AVAILABLE IN USA
720 ml & 300 ml
AVAILABLE IN USA
720 ml Only
Divine Droplets is made
in an igloo-like "Ice Dome"
at -2C, 90% humidity, and no wind.
Takasago Shuzo was originally established in 1899 in Asahikawa City in Hokkaido, under the name Kohiyama Shuzo. We struggled, but
continued to produce sake during the war. In 1965, we merged with another sake brewer in Asahikawa, and changed our company name, as well as the name of our sake, to Takasago. Our white-walled kura, built
in 1909, is one of the more attractive buildings in Asahikawa (see photo below).
Asahikawa has been called "the Nada of the North," because there was
at one time a lot of sake being brewed there, and we are the oldest sakagura in the area. It is cold here, with the temperature regularly falling to -20C.
Needless to say, the snow is
relentless in the winter. It is a wonderful environment in which to brew sake. We proceed bearing in mind the three principles set forth by our founder almost a century ago: The customer is number
one, continue to try and make better and better sake, and always be learning.
Our sake is, simply put, dry and balanced. Most of what we brew is light
, with a flavor that spreads well across the palate. Approximately 63% of what we make is tokutei meishoushu (special designation) sake, which
means it is "good" stuff. Of that 63%, 12% is ginjo-shu (premium sake). We would rather make quality than quantity.
Our current president is Ryoichi Shiraga. Before him was Toru Kohiyama, a third-generation kuramoto. Around the year 2000, Kohiyma came to a great realization that led to a great decision. He realized that it would no
longer be possible to compete with the large brewers from Nada and Fushimi when it came to selling standard sake. Their sake was simply too cheap, even here in Hokkaido. Says Kohiyama: "When I realized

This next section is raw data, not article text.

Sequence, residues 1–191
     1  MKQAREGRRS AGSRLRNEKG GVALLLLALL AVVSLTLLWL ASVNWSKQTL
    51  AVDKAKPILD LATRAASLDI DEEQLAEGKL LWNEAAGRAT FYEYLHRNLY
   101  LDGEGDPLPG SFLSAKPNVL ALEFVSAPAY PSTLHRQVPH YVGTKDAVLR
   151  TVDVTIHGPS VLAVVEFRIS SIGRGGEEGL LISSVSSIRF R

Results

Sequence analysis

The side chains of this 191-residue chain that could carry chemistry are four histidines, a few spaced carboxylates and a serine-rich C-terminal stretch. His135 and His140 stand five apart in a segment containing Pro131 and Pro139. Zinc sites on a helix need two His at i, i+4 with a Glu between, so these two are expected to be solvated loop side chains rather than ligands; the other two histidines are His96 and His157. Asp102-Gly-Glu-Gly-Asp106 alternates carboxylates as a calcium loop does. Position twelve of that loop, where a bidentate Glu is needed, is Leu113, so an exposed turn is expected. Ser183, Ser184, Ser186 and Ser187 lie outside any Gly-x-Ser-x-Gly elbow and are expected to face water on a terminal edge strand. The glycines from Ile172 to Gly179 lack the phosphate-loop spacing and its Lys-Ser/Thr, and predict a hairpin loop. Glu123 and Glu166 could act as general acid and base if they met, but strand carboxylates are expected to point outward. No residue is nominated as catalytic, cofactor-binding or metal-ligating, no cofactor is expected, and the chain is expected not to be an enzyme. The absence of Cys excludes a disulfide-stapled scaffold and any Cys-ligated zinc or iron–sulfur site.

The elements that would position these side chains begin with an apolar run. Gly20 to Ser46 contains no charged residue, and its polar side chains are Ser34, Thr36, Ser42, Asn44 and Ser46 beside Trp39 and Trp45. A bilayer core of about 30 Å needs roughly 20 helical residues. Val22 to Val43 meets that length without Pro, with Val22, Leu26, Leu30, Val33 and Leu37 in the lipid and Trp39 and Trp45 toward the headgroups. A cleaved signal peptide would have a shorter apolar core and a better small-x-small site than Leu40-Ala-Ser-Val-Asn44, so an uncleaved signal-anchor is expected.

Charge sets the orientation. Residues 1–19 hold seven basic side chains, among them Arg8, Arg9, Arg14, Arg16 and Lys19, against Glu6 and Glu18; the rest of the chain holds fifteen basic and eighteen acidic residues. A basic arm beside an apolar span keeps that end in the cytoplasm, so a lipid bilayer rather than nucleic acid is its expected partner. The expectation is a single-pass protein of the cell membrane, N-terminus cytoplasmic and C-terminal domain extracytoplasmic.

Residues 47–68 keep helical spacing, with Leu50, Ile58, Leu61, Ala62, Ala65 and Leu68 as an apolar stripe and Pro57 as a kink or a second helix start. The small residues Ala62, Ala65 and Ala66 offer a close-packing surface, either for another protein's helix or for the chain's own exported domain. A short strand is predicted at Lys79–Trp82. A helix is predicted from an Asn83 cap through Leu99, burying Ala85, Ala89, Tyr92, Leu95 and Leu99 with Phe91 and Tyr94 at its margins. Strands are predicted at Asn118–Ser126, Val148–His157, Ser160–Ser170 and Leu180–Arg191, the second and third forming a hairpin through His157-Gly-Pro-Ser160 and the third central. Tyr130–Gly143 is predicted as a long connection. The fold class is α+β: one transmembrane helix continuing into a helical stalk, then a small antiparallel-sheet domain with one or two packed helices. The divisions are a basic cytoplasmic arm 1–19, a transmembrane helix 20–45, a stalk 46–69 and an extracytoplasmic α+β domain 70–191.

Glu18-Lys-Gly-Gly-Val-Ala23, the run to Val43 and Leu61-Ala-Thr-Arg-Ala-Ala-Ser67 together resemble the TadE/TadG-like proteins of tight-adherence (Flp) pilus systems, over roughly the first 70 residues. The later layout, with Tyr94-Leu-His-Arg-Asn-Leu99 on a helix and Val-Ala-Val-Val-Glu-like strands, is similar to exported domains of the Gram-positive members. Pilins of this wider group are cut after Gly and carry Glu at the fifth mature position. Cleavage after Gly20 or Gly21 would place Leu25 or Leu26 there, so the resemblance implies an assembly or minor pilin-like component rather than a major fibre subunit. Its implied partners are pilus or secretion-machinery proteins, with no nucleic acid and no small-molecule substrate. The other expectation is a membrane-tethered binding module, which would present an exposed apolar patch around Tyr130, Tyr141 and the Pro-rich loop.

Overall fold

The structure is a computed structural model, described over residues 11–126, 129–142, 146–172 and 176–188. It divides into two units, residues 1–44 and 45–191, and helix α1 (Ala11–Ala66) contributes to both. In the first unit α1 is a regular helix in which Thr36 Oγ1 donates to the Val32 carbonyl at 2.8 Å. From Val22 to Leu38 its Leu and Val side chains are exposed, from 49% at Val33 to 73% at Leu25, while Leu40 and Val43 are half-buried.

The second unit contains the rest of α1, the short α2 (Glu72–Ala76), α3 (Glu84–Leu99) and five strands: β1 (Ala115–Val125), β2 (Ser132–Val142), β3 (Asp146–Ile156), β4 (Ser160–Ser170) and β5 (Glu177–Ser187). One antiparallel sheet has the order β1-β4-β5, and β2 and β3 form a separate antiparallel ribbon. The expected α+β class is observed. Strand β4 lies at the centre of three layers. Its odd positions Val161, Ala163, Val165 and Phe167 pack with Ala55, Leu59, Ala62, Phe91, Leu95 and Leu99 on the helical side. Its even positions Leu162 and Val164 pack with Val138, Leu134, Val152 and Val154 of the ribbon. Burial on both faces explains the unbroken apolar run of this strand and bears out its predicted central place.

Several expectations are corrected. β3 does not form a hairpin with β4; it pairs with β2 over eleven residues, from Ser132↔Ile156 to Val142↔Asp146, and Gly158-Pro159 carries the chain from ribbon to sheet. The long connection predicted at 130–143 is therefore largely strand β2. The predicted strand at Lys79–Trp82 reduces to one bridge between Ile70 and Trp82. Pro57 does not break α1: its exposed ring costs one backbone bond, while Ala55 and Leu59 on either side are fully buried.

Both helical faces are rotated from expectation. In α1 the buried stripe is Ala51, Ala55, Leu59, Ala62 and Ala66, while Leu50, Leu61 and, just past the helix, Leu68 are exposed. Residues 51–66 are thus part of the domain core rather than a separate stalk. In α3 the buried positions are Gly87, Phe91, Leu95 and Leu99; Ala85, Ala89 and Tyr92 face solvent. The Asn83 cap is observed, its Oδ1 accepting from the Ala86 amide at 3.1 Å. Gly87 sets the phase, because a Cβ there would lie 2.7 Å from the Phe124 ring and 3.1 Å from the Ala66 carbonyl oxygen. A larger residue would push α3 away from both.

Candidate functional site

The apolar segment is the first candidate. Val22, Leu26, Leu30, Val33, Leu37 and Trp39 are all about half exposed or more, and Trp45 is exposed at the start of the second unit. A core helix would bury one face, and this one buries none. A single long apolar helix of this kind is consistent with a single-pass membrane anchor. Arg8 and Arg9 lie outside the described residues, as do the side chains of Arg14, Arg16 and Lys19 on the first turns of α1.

that it was a battle we could not win, I decided that we would focus on making good, craft sake, with a local flavor, much like Wagashi (Japanese sweets). I felt that this would help us survive, compete, and
thrive." This is the successful strategy that we continue to pursue today.
Size and Special Characteristics
We brew about 4800 koku a year, which amounts to 900 kiloliters or so. Among that, the ration of special designation sake and ginjo-shu is
higher than most sakagura in Japan. While this volume is comparatively higher than many smaller breweries, it is certainly still a relatively small amount. This allows us to maintain our high brewing standards.
Each year, after the temperature drops below -10C, we build an Ice Dome outside near the main kura building. The Ice Dome is basically an igloo inside of which the temperature
stays about -2C or so. It is in this Ice Dome that we make our daiginjo sake, which we call Ichiya Shizuku. The low temperature means nasty bacteria cannot survive, and allows us to make
clean, pure, super premium sake.
The name Ichiya Shizuku means "drip overnight," which is precisely how we press the sake, that is, how we separate the clear sake from the
fermenting rice lees. The moromi mash is put into canvas bags, and the sake is allowed to drip out slowly overnight, with no pressure at all applied to the mash. While this may seem wasteful, it creates the most
wonderful, light and clear sake possible.
Toji (Master Brewer) and Kurabito
(Photo: Tokujiro Sasaki)
Tokujiro Sasaki, our master brewer, is in his mid-70s and going strong. He is of the Nanbu school of toji, centered in Iwate Prefecture. Helping him are 13 others, all of them skilled sake-brewing veterans. Year after
year, cold day after cold day, they labor together at their craft to make our sake what it is.
17 Miyashita-dori, Asahikawa-shi, Hokkaido
070-0030, Tel 81-166-23-2251 Fax 81-166-22-0973
-- 81 is Japan country code; within Japan, dial 0166-23-2251 --
Web: takasagoshuzo.com (J)